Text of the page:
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No more walking and drinking in Vail Village

New state law, however, still allows sealed containers of to-go drinks

Vail Village has shut down most of the common consumption areas that allowed people to wander the village with alcoholic beverages in hand.
Scott N. Miller/Daily file photo

Vail Village’s common consumption areas have gone away, except for special events. But to-go alcohol will continue for at least the next four years.

The Colorado legislature’s passage last week of House Bill 1027 codifies state liquor code changes made in summer 2020 via an executive order from Gov. Jared Polis. That order, issued to provide some economic relief to bars and restaurants, allowed those establishments to sell to-go alcoholic beverages.

The new law extends that portion of the order for another four years.



That bill helped Vail and other communities establish “common consumption areas.” Those areas allowed people to wander, drinks in hand, in specific areas.

Beaver Creek has had something similar for a few years.

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Vail has now ended common consumption area in Vail Village.

State law doesn’t allow common consumption areas in places that also have motor vehicle right of way. Much of Vail Village has at least some right of way for cars, buses and delivery vehicles. Lionshead has far more restricted vehicle access, so those common consumption areas will continue unchanged.

Vail Town Manager Scott Robson said there were no safety issues between cars and pedestrians in summer 2020. Still, he said, that prohibition is an attempt to avoid liability problems. Since Vail and other communities are governed by state liquor rules, that means Vail Village’s common consumption areas have to shut down.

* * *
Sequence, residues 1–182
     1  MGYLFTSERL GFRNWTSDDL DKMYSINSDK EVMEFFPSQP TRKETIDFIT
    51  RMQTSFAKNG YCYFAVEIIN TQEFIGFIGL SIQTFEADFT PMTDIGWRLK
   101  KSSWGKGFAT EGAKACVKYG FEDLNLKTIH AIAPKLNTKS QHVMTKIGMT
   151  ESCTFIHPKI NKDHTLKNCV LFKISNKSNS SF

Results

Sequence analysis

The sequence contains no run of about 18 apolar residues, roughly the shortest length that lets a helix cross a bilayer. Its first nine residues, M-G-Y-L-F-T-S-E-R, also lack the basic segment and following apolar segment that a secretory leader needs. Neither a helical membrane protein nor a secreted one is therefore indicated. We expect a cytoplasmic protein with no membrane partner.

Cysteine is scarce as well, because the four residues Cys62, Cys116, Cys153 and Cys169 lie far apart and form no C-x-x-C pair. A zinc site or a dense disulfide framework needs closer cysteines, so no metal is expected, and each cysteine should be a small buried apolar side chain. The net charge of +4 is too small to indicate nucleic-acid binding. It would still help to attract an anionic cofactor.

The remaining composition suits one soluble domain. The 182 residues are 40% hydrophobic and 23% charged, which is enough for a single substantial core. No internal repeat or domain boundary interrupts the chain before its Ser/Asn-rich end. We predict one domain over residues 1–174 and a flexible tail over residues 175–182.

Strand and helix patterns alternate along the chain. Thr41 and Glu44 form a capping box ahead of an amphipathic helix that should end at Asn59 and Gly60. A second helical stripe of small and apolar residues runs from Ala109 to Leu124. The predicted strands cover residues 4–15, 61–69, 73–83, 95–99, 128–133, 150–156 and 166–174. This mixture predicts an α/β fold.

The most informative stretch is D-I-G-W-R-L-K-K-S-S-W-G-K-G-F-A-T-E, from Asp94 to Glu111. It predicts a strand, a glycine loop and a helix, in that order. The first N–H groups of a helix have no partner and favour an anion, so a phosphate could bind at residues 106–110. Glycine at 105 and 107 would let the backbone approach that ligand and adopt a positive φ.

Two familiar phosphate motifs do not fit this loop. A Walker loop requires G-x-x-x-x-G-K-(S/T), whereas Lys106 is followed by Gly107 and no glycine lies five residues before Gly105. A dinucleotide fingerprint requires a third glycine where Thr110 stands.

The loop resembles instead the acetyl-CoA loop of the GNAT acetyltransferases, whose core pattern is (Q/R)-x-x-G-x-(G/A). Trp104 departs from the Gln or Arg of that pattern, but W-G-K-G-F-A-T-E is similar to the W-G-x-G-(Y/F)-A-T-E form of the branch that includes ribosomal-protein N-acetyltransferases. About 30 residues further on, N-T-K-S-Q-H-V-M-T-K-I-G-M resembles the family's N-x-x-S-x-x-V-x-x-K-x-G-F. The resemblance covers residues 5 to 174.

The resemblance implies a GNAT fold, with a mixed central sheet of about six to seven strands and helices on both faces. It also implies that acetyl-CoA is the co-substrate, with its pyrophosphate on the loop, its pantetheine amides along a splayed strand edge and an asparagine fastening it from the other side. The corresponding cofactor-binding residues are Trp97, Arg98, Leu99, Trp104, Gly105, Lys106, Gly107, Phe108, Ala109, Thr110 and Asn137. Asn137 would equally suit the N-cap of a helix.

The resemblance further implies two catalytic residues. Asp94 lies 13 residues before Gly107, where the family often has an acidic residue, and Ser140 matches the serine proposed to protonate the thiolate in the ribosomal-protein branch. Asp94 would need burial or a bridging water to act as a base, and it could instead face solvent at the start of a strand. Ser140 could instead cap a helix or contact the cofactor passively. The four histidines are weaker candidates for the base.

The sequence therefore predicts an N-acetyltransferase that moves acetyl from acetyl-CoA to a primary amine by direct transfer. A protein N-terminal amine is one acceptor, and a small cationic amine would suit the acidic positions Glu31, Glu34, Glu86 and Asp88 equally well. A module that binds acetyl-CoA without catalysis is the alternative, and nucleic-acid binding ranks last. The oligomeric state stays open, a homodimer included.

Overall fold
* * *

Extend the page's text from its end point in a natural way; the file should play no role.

“We lobbied our elected officials,” Robson said. “But it’s a difficult issue for legislators to change — no one wants the safety issues that go with alcohol in vehicular rights of way.”

Robson said there are a handful of exceptions to the renewed rules. Open containers will still be allowed in town parks near Vail Village, as well as the pedestrian promenade along Gore Creek.

That means a customer can leave a business with a sealed drink, then enjoy it when arriving at a park or the customer’s hotel or condo.

“I think everyone agrees that the atmosphere in Vail Village last summer was great, largely due to the common consumption areas,” 10th Mountain Whiskey & Spirits founder Ryan Thompson said. “People were in great moods after having quarantined, and it was great to see people outdoors enjoying themselves.”

Thompson added he hoped the common consumption areas could continue. But, he added, the 10th Mountain tasting room will have a couple of tables and chairs outside the storefront.

Robson said that’s going to continue. Robson said in talking with Vail Village businesses and members of the Vail Economic Advisory Council, many people found a lot of benefits in expanding patio seating into town right of way.

“We can, and will, continue to allow that,” Robson said, adding there are plans to provide a lot of in-village music and other entertainment.

Thompson said he’s cautiously optimistic about both the modified rules and the prospects for a successful summer.


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